QMetaObject::invokeMethod with BlockingQueuedConnection hangs forever



  • Hello,

    In my application I have a main thread and a worker thread (done with moveToThread). The woker thread runs in a loop which collects some data. What I want to do is to call a getter for this woker data from the main thread. So I called it like this:

    qRegisterMetaType<Data>("Data");
    Data d;
    QMetaObject::invokeMethod(worker_, "getData", Qt::BlockingQueuedConnection,
                              Q_RETURN_ARG(Data, d),
                              Q_ARG(QString,   arg));
    

    Where Data getData(QString arg) is a public slot in the worker object.

    The problem is that this hangs forever (not sure if forever but a minute is already enough, I need it immediately). Calling it with DirectConnection makes it execute in the main thraed which I don't want to. So what is the problem here? It never reaches the getData() method. Is there something else which I could use for such an asynchronous data polling?



  • does the worker thread run an event loop? if so, are you blocking it with an infinite loop?

    Looks like the invokeMethod never gets picked up by the worker loop



  • The main thread started with

    QCoreApplication a(argc, argv);
    return a.exec();
    

    and in the main thread the worker was started with

    worker->moveToThread(thread);
    thread->start();
    

    Then the worker starts the infinite loop, yes. I thought that this is somehow handled by Qt, so that the worker's methods can be invoked although it's running in a loop. But probably I was wrong, or was I?



  • @sykac said in QMetaObject::invokeMethod with BlockingQueuedConnection hangs forever:

    Then the worker starts the infinite loop

    Usually this is not necessary but yes, yhis is the cause of your invoke not working



  • @sykac
    Hi there, i am not expert with QThread but have you tried to use a request and response signals to invoke and receive the data from your worker thread to main thread ?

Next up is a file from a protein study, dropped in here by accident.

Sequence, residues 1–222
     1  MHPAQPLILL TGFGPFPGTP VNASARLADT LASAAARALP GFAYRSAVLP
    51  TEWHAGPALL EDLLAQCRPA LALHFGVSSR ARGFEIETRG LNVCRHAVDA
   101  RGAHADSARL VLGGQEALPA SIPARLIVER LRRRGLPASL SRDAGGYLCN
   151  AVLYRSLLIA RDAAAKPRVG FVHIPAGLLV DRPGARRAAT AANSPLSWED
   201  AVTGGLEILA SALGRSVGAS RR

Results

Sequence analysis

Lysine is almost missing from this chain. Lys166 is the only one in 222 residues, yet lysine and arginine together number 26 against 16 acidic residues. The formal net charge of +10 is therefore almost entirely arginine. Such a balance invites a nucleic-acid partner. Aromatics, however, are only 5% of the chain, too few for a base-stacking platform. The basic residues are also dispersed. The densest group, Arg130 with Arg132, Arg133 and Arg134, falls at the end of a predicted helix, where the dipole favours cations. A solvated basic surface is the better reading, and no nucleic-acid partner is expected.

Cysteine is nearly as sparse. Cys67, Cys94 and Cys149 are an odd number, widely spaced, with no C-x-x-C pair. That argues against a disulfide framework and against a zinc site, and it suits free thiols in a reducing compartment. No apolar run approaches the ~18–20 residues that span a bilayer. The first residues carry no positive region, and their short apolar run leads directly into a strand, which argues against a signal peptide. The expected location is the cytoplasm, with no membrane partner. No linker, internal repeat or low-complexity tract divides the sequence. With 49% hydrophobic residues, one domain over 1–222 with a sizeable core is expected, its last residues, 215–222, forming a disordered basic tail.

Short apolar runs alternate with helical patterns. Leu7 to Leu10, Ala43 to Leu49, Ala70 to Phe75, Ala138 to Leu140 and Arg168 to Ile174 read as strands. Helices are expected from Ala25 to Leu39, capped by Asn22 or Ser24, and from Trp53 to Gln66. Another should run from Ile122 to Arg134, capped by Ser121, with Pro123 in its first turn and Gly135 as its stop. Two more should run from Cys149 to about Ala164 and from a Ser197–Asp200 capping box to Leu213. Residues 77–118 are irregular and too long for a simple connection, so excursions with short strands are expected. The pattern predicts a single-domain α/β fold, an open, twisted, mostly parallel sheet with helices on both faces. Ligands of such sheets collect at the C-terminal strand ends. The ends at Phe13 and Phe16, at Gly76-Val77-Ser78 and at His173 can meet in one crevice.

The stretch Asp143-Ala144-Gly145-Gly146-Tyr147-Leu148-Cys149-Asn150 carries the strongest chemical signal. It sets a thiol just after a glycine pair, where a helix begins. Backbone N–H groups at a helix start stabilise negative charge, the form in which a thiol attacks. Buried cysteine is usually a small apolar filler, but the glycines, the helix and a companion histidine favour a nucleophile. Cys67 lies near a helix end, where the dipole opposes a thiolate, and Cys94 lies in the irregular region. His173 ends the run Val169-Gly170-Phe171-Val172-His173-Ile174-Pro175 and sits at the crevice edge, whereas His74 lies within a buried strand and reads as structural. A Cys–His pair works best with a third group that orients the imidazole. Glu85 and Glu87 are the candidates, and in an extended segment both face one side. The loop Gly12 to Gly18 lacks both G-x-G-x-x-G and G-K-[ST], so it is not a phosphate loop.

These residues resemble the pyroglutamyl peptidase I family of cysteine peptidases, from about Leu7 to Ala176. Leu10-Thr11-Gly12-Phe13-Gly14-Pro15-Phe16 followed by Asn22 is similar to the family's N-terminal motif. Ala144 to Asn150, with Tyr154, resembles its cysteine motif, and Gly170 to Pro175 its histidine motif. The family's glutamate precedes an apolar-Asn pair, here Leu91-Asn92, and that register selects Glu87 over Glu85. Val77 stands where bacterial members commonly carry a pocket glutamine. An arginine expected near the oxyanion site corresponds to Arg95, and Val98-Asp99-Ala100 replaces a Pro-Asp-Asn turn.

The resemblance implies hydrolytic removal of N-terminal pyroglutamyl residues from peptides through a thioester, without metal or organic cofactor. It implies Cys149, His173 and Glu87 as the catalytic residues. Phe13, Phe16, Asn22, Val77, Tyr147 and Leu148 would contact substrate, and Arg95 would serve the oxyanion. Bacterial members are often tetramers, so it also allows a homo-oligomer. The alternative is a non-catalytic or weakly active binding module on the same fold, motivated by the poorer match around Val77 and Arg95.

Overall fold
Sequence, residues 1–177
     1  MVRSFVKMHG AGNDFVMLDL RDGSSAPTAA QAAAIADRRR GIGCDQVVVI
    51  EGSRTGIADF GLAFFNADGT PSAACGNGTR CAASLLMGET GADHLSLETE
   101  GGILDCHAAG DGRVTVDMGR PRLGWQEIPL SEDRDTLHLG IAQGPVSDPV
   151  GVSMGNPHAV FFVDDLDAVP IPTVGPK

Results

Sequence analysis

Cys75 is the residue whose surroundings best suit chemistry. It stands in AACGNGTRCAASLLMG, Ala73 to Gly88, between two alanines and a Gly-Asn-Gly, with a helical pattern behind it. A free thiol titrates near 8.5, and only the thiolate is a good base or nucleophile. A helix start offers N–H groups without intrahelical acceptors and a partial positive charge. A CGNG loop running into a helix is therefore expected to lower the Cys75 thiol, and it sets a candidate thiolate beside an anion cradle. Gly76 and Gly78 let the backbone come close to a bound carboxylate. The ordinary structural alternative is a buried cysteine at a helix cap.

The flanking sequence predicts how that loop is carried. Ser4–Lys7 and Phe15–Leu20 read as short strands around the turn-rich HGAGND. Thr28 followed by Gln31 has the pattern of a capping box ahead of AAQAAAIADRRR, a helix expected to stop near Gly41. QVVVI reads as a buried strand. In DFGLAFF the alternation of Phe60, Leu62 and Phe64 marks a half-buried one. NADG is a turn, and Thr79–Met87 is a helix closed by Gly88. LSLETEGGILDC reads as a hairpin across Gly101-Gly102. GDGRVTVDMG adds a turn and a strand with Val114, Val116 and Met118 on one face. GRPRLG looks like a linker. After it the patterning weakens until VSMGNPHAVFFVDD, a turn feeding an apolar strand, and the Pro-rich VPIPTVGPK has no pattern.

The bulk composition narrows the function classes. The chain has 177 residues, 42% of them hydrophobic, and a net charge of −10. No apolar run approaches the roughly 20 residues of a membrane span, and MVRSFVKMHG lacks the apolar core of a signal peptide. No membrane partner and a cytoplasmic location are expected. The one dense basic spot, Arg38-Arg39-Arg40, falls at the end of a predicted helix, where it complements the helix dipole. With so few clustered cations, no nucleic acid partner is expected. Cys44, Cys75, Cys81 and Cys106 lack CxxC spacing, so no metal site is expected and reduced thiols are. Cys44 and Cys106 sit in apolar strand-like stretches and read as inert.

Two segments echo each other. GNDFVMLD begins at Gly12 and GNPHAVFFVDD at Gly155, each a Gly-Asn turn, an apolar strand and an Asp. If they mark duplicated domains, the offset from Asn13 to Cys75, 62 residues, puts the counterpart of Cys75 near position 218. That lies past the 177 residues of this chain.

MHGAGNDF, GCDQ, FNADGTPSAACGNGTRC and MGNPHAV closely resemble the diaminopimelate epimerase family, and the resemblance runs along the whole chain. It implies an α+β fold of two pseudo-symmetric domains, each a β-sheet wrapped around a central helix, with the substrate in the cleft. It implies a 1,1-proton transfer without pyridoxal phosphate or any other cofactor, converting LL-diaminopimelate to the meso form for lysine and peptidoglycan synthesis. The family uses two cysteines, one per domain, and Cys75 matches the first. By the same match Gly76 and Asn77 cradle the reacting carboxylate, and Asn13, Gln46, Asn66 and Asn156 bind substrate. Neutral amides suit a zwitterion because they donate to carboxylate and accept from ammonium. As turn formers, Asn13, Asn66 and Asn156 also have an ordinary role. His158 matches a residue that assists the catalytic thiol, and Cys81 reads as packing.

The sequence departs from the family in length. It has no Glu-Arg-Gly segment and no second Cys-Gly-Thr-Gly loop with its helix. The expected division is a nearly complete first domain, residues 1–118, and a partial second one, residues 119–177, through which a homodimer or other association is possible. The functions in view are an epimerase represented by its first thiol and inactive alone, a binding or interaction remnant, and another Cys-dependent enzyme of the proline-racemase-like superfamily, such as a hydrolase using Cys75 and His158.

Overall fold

Obs: I don't know if this is the best way to request data from thread.


  • Qt Champions 2017

    @sykac said in QMetaObject::invokeMethod with BlockingQueuedConnection hangs forever:

    Then the worker starts the infinite loop, yes.

    What infinite loop, can you show us?
    If you block the event loop then that means you can't process queued events, thus your call with BlockingQueuedConnection will just hang there until the actual event posted in the event queue is processed.

    @KillerSmath said in QMetaObject::invokeMethod with BlockingQueuedConnection hangs forever:

    Obs: I don't know if this is the best way to request data from thread.

    It is, indeed.



  • @kshegunov
    Okay, i told it because i readed some topics about send data using signals and noticed that it's not recommended to send data in signals because they makes a copy of data to send as parameter and another copy is made at slot, and make copy can takes time depending of data size.


  • Qt Champions 2017

    That's why Qt leverages implicit sharing to begin with. When you have the case that the signal/slot parameter(s) have to copy big-ish data chunks, then it's time to use QSharedData and QSharedDataPointer. This way you get the shallowest copies possible - i.e. a pointer being copied, and whenever you have a write operation the data would detach if it's shared.